Coach Tony Dungy

Note: Today it was learned that Tony Dungy’s oldest son died in his Tampa, Florida apartment. I had been working on an article for Thideology about Coach Dungy. I did not want to write about his success as a coach in the NFL but about his character. Now, in light of this terrible family tragedy, this article seems so much more appropriate.

I had already heard of Tony Dungy before he was hired as the head coach of the Indianapolis Colts. I had heard he was a man of integrity. One who had his priorities straight. One who knew that there are more important things in life than football. I had heard he was a man of uncompromising faith who, without apology, believed in Jesus Christ.

This is why I was so excited to learn, in 2002, that he was coming to Indianapolis. I had been living in Indy since 1998 and was already a die-hard Colts fan. I was excited to have such a man come to coach “my” team. But I also began to speculate about the possibility of interviewing him for the Indiana Baptist, the official news journal of the State Convention of Baptists in Indiana, of which I was editor. I wanted to write a story about the challenges a Christian faces when Sunday is a workday. How does a believer remain spiritually fed when 16 Sundays a year (sometimes more) access to the preaching, teaching, and fellowship of the local church is limited?

Of course, when a new coach comes to town he is inundated with interview requests. When I contacted the Colts office I was given instructions on how to make an official request for an interview. I had to submit, in writing, the publication for which I was making the request, the circulation, and the nature of my proposed story. I could expect to wait a week to two weeks for a response after they received my request. When I explained I was the editor of a relatively small religious publication I was told my chances of being granted an interview were slim. So I was extremely surprised when a couple of days later I received a telephone call informing me I’d been scheduled for an interview with Coach Dungy.

I was invited to attend a practice at the Colts complex so I could take pictures. Radio broadcaster Bob Lamey, “The Voice of the Colts,” was my personal guide through the facility.

“After practice,” he told me, “The members of the media gather at one corner of the field to meet with Coach Dungy. He gives them five to ten minutes and that’s about it.”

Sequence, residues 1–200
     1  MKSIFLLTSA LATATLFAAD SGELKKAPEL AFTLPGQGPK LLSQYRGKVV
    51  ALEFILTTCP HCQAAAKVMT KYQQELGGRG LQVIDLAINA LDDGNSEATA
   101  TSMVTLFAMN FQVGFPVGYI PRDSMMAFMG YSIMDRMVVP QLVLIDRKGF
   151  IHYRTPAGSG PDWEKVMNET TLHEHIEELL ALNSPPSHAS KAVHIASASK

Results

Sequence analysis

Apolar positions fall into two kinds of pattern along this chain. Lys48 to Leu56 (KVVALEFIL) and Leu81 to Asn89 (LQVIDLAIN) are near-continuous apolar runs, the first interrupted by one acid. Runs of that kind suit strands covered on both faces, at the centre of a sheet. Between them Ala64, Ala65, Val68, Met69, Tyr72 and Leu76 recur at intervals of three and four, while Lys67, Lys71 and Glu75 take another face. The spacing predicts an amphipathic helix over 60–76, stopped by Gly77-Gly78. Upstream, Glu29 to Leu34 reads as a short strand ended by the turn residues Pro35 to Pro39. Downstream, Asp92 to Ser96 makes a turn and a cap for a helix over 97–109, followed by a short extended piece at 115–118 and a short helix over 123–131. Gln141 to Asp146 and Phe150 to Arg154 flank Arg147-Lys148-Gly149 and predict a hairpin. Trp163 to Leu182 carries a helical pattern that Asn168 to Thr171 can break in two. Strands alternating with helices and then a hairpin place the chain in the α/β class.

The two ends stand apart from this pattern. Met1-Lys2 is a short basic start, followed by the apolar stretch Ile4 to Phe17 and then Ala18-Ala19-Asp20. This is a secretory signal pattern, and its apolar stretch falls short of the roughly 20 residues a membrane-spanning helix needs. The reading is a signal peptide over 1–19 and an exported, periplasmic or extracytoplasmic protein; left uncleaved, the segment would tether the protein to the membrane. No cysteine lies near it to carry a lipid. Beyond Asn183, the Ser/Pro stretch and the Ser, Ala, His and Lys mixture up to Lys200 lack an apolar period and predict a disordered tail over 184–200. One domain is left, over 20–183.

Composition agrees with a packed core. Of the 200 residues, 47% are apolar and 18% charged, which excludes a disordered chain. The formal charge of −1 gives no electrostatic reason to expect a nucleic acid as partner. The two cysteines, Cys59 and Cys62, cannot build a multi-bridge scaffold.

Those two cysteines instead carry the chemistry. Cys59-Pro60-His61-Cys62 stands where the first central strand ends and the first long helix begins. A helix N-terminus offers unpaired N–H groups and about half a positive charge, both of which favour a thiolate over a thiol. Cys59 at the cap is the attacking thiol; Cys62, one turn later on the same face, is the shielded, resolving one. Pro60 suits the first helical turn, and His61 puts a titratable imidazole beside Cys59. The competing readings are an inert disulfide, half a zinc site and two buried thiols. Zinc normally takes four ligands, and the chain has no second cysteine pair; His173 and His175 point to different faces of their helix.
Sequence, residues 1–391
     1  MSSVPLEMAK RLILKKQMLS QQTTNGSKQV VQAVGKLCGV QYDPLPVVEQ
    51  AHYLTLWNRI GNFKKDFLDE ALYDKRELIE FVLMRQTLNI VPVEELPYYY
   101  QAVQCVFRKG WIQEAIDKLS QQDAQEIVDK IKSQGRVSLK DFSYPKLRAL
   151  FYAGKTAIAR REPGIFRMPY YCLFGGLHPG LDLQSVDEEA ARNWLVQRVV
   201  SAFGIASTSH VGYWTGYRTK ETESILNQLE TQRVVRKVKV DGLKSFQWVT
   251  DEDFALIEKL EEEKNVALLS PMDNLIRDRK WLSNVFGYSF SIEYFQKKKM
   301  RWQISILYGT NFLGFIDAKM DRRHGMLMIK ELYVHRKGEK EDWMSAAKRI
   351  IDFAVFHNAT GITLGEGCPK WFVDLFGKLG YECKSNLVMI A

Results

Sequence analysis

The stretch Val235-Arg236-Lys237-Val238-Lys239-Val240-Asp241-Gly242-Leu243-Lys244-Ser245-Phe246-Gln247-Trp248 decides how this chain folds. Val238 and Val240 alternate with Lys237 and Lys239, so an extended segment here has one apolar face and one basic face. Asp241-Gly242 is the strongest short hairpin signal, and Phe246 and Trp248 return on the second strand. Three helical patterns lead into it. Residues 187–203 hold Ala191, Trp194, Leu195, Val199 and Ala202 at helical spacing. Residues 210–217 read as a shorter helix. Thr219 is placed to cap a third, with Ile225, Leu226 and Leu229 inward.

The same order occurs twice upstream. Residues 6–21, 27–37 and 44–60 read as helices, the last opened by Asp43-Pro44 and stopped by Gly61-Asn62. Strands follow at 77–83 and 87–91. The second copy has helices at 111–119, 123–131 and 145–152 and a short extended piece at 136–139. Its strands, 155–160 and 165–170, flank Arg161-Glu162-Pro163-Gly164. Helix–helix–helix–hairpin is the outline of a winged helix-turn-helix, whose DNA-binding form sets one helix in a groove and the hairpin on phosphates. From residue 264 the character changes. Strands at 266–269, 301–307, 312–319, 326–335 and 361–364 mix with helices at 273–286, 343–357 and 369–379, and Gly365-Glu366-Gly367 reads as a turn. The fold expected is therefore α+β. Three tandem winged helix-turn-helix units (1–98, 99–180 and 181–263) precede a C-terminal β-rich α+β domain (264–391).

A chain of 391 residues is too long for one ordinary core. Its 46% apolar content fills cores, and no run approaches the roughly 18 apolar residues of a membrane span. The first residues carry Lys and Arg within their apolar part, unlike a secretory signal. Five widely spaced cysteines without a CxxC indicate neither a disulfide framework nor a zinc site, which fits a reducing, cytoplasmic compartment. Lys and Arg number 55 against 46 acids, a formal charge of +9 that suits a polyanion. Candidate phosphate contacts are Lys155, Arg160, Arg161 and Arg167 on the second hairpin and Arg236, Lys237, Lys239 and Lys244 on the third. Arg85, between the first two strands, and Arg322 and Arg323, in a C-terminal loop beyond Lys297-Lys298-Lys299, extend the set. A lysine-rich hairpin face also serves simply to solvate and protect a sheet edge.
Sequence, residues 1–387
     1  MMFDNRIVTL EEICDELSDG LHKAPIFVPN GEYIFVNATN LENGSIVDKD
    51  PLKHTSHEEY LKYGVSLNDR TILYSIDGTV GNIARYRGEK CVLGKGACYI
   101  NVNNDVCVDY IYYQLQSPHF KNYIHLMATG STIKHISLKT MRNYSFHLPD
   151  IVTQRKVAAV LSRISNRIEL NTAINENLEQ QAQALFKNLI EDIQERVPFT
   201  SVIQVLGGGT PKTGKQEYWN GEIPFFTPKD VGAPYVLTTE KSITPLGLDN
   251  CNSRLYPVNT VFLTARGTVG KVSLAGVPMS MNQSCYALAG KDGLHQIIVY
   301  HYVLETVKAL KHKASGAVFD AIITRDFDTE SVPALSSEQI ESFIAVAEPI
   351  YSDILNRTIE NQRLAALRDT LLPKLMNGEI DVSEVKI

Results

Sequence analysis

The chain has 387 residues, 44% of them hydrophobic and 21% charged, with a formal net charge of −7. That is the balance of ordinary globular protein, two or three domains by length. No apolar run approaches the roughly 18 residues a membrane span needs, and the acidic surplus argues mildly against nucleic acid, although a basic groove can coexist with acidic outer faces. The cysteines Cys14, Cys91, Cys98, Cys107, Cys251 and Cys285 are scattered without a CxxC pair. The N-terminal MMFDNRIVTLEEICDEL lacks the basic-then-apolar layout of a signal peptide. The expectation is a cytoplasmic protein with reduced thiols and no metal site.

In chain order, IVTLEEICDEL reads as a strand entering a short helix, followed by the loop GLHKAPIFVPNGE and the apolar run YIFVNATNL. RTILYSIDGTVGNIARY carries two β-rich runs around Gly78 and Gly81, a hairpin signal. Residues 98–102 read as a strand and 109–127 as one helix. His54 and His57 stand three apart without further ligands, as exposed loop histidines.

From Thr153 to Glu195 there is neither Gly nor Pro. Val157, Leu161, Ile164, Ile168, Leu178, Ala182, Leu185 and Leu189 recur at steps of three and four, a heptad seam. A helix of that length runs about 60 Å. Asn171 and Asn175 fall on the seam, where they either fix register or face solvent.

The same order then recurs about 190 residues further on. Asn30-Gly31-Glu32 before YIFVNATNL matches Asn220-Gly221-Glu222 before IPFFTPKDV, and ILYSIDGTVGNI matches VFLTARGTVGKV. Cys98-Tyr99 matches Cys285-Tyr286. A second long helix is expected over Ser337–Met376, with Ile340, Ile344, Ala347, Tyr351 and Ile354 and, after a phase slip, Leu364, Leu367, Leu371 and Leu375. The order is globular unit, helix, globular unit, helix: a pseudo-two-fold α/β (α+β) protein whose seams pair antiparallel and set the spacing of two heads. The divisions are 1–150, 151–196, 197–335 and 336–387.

I made sure I was near that spot at the end of practice. I did not want to miss my chance. As Dungy approached I started to gather with the other reporters when Lamey stopped me with a tap to my arm. “Not you,” he said.


I watched Coach Dungy answer questions (pictured at left) about the strength of the Colts’ offense, the weakness of the defense, special teams play and so on. After about ten minutes Coach Dungy thanked everyone, excused himself, and walked in my direction.

“Is this him?” Dungy asked indicating me.

“Yes,” Lamey replied.

After we introduced ourselves to one another I followed Coach Dungy to his office where we visited for the better part of an hour. This amazed me. Here I was, sitting in his office chit-chatting while every other reporter had to hurry through their questions for fear of running out of time.

I wondered why he would spend so much time with me, the editor of a publication I’m sure he’d never heard of before, and so little with the others.

Because, it was explained to me, all they wanted to talk about was football. You came to ask him about Jesus.

In my next entry I’ll share the story I wrote as a result of that interview.

Note: I have enjoyed this NFL season more than any I can remember. “My” Colts have finally added one of the best defenses in the league to an already potent offense. They stand poised to make a run through the playoffs at the Super Bowl and are considered by many to be the favorite. Today’s news has changed that for me. If the Colts don’t win another game this season I won’t care. The loss of Dungy’s son has reminded me that football is just a game. It’s also reminded me of the main reason I root for the Colts…they are led by a man whose priorities never let him forget what’s important. I have no idea the pain Coach Dungy and his family must be enduring now. But there is One who does. My prayers are with him. May the God he openly professes as Lord grant him grace and peace.

As the Colts play out the rest of their season I will root for them harder than I ever have before. The ironic thing is this, after considering the character of the man who leads them and his current situation, I will probably care less than I ever have before about the outcome on the field.

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About Chip
Chip is a graduate of Ouachita Baptist University in Arkadelphia, AR and Mid-America Baptist Theological Seminary in Memphis, TN. He served more than five years on the staff of the State Convention of Baptists in Indiana as Director of Communications and Public Relations, editor of the Indiana Baptist newsjournal, and regular contributor to the Baptist Press, the official news service of the Southern Baptist Convention. He currently earns his living as a writer. He serves his local church as a teacher and deacon and his local Baptist Association as a Seminary Extension instructor and supply preacher.

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